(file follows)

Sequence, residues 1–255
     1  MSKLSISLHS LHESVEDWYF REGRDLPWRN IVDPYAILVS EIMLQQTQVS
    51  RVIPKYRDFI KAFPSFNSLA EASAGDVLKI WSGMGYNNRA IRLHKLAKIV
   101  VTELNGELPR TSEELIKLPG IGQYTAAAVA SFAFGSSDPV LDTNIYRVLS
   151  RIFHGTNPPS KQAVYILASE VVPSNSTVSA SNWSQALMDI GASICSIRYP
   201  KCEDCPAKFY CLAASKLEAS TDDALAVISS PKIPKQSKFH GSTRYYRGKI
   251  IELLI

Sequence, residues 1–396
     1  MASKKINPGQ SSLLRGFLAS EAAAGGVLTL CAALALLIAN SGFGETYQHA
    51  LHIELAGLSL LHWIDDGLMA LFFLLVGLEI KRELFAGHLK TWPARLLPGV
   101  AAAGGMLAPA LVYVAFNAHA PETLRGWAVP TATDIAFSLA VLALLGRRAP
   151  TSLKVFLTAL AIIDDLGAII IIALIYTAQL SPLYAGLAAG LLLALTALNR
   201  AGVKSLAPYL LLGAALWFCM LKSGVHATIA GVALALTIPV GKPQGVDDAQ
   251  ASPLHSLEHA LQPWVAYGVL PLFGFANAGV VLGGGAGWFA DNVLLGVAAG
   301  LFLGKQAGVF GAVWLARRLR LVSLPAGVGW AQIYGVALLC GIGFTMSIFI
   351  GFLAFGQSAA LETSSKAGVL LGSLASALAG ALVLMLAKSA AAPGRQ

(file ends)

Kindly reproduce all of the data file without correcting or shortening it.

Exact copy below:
Sequence, residues 1–255
     1  MSKLSISLHS LHESVEDWYF REGRDLPWRN IVDPYAILVS EIMLQQTQVS
    51  RVIPKYRDFI KAFPSFNSLA EASAGDVLKI WSGMGYNNRA IRLHKLAKIV
   101  VTELNGELPR TSEELIKLPG IGQYTAAAVA SFAFGSSDPV LDTNIYRVLS
   151  RIFHGTNPPS KQAVYILASE VVPSNSTVSA SNWSQALMDI GASICSIRYP
   201  KCEDCPAKFY CLAASKLEAS TDDALAVISS PKIPKQSKFH GSTRYYRGKI
   251  IELLI

Sequence, residues 1–396
     1  MASKKINPGQ SSLLRGFLAS EAAAGGVLTL CAALALLIAN SGFGETYQHA
    51  LHIELAGLSL LHWIDDGLMA LFFLLVGLEI KRELFAGHLK TWPARLLPGV
   101  AAAGGMLAPA LVYVAFNAHA PETLRGWAVP TATDIAFSLA VLALLGRRAP
   151  TSLKVFLTAL AIIDDLGAII IIALIYTAQL SPLYAGLAAG LLLALTALNR
   201  AGVKSLAPYL LLGAALWFCM LKSGVHATIA GVALALTIPV GKPQGVDDAQ
   251  ASPLHSLEHA LQPWVAYGVL PLFGFANAGV VLGGGAGWFA DNVLLGVAAG
   301  LFLGKQAGVF GAVWLARRLR LVSLPAGVGW AQIYGVALLC GIGFTMSIFI
   351  GFLAFGQSAA LETSSKAGVL LGSLASALAG ALVLMLAKSA AAPGRQ